Adapted from localharvest.org:
Community Supported Agriculture (CSA) refers to a relationship-based approach to growing and distributing produce and other locally produced foods. The CSA model has become a popular way for consumers to buy local, seasonal food directly from a farmer.
Here are the basics: a farmer offers a certain number of "shares" to the public. Typically the share consists of a box of vegetables, but other farm products may be included. Interested consumers purchase a share, or subscription, and in return receive a quantity of seasonal produce each week throughout the farming season.
This arrangement creates several rewards for both the farmer and the consumer.
Advantages to farmers:
- Save time and resources on marketing, and usually concentrate marketing time in the off-season before long field hours begin
- Avoid those early farmers market mornings (and farmers market fees, tents, etc. etc.)
- Receive payment at regular, predictable intervals throughout the year, which helps with the farm's cash flow and planning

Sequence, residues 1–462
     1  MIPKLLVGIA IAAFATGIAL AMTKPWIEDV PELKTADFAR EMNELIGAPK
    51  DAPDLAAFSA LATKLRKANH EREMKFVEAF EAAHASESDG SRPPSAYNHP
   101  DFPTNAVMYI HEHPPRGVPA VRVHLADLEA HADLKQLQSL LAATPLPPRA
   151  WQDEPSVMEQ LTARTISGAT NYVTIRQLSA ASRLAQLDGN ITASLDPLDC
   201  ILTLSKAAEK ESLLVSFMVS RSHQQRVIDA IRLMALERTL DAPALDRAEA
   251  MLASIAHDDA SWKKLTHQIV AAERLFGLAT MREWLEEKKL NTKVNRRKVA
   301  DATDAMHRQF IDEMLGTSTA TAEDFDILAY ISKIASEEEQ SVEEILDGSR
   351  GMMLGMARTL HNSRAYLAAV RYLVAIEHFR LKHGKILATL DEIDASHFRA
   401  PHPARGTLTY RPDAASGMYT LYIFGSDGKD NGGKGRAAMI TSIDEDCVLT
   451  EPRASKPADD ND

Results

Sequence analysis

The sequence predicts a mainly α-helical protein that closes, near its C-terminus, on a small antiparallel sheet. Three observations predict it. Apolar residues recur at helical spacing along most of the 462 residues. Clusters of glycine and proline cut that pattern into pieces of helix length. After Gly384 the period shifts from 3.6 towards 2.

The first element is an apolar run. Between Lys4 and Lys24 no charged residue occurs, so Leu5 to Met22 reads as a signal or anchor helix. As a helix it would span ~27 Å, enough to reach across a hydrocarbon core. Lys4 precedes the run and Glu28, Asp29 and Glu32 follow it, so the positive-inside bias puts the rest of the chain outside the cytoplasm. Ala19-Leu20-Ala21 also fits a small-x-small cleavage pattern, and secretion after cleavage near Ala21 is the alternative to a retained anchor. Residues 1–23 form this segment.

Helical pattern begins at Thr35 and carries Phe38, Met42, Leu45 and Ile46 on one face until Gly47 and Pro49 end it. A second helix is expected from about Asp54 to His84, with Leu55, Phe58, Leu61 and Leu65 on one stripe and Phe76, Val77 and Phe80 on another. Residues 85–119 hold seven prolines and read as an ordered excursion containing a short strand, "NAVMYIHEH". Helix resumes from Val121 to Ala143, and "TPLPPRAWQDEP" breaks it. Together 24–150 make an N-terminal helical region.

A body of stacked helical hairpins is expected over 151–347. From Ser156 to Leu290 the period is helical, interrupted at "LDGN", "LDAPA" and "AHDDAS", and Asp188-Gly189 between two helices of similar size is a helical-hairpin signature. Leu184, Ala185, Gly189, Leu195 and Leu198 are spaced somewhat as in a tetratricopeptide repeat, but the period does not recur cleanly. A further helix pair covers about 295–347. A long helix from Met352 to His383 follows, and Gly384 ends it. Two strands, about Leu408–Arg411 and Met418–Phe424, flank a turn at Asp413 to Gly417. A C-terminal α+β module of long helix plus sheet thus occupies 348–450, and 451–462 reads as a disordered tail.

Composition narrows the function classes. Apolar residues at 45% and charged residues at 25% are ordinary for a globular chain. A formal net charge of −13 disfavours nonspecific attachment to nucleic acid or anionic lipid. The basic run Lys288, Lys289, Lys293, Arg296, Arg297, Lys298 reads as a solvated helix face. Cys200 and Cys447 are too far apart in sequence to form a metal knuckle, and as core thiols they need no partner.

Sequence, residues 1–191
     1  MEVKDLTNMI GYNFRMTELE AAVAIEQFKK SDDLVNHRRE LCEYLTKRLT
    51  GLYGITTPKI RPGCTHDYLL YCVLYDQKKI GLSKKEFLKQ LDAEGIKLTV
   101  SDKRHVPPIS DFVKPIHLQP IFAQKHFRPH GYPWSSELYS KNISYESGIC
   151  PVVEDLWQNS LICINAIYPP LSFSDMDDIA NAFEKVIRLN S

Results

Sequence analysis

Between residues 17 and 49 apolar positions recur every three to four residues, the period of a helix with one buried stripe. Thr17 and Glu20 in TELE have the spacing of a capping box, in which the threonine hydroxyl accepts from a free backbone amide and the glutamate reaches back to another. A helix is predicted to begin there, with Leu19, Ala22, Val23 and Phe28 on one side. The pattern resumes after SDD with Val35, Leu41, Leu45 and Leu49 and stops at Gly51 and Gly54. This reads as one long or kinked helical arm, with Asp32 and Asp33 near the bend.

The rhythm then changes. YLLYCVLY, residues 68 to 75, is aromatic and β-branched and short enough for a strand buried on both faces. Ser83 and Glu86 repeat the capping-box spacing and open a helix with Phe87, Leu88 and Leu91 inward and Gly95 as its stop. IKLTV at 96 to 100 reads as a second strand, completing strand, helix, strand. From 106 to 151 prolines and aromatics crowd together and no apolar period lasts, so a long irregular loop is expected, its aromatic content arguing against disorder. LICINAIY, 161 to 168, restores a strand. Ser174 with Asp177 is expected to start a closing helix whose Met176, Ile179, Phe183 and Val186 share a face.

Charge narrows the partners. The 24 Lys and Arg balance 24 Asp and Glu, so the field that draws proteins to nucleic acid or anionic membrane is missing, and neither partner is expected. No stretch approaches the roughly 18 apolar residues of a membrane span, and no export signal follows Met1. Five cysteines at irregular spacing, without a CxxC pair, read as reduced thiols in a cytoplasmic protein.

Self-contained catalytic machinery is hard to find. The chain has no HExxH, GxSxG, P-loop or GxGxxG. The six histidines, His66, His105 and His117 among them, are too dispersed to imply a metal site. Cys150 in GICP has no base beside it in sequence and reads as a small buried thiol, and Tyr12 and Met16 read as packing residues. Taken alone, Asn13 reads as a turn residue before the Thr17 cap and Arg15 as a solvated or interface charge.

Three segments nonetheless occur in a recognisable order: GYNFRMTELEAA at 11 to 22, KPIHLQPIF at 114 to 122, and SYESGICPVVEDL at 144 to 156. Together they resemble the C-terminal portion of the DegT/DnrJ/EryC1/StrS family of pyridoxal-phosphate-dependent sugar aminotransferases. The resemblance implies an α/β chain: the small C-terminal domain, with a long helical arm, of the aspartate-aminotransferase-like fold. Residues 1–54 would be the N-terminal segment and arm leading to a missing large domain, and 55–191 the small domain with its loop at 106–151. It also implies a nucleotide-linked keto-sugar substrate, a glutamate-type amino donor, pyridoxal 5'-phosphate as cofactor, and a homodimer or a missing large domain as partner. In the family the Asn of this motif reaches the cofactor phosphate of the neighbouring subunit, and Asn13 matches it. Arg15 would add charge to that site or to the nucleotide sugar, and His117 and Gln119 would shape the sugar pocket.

- Receive commitment from customers before plants go in the ground, maximizing efficiency of farm space and farmer effort
- Have an opportunity to get to know the people who eat the food they grow!
Advantages to consumers:
- Eat ultra-fresh food (usually picked day-of or day-before)
- Get exposed to new vegetables and varieties, some not found in area stores
- A CSA makes it harder to avoid incorporating healthy vegetables into your diet
- Usually receive produce at lower prices than at farmers markets
- Develop a relationship with the farmer who grows their food and learn more about how food is grown
- Bonus: get weekly facetime with Yolo County's cutest farmdog, Gilly.
It's a simple enough idea, but its impact on the food system has been significant. Tens of thousands of families have joined CSAs, and in some areas of the country there is more demand than there are CSA farms to fill it.